Any university that did not see it coming - and apparently there were a few - will have received quite a jolt from the announcement that the Higher Education Statistics Agency is to publish figures on the number of eligible staff submitted by each unit of assessment to the 2014 research excellence framework.
The assumption is that the Higher Education Funding Council for England, one of Hesa’s “statutory customers”, wants to minimise game-playing and to maximise submission rates - not least so that it does not appear to the Treasury that the number of research-active staff has plummeted since the 2008 research assessment exercise (a scenario that would pose an obvious threat to the research budget).
Statistics on the proportion of eligible staff submitted by each unit were not published in 2008, and there were grumblings about institutions rumoured to have played the RAE solely for prestige, submitting only their best researchers in the hope of maximising their standing in the league tables.
This was perceived as bad both because it left a lot of unsubmitted staff in those institutions feeling like second-class citizens and because it called into question the league tables’ accuracy as indicators of quality.
Ever since the coalition government in effect instructed Hefce to remove all 2* research from the quality-related funding equation, the popular assumption has been that the proportion of researchers submitted to the 2014 REF will be lower than that to any of the RAEs: after all, there is now no financial incentive to enter anyone who has not published at least one paper rated 3* or above.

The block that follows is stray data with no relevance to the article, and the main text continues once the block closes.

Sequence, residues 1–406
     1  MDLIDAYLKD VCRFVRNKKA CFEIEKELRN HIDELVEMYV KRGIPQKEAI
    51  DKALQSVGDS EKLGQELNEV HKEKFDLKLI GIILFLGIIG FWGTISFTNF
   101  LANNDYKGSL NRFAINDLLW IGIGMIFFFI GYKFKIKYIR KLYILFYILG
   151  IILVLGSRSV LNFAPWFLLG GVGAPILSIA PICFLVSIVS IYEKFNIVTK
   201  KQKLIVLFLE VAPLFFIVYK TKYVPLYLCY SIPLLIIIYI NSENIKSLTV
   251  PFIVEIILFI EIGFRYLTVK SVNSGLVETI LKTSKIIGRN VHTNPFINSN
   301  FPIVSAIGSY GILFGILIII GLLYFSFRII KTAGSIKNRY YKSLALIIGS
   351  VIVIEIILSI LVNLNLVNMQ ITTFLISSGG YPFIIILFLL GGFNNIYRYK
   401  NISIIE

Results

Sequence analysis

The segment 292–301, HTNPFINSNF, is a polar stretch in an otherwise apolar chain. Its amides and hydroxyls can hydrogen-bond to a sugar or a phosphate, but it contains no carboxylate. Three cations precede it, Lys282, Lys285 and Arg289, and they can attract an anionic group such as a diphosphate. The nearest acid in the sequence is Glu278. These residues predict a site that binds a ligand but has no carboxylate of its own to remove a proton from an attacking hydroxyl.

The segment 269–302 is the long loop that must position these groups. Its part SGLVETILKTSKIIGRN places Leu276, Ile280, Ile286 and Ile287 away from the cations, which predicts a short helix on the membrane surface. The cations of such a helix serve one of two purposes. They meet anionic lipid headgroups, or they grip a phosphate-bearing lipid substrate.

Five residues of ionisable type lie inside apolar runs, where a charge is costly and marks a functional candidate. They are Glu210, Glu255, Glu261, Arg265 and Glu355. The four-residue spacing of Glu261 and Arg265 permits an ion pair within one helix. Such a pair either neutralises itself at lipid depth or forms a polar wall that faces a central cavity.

However, the results of the survey of REF submission intentions, released by the UK funding councils this week, suggest that fears about excessive selectivity may be misplaced, with institutions apparently intending to submit slightly more researchers than in 2008 (although that may simply reflect the sector’s expansion).
Those concerned about game-playing hope that the release of statistics on the number of eligible staff submitted will allow the compilers of league tables to modify university scores according to the proportion of academics entered, with highly selective institutions being marked down accordingly.
It is hard to disagree with the rationale for including such a weighting.
However, Hesa has not committed to publishing the statistics on the same day as the REF results, but rather within a week. This is because it cannot guarantee that the data will be ready by the results’ release date. But if the statistics are not available on the day the REF findings are released, the initial - and perhaps only - league tables published will not be able to include the weightings.
Such a scenario would defeat the object of publishing the submissions data in the first place.
On such an important issue, surely it would not be too great an ask for the funding councils to hold the publication of the REF results until the Hesa data are ready. If universities can wait six years between assessment exercises to find out their place in the pecking order, they can wait one more week to make sure that that position accurately reflects their merit.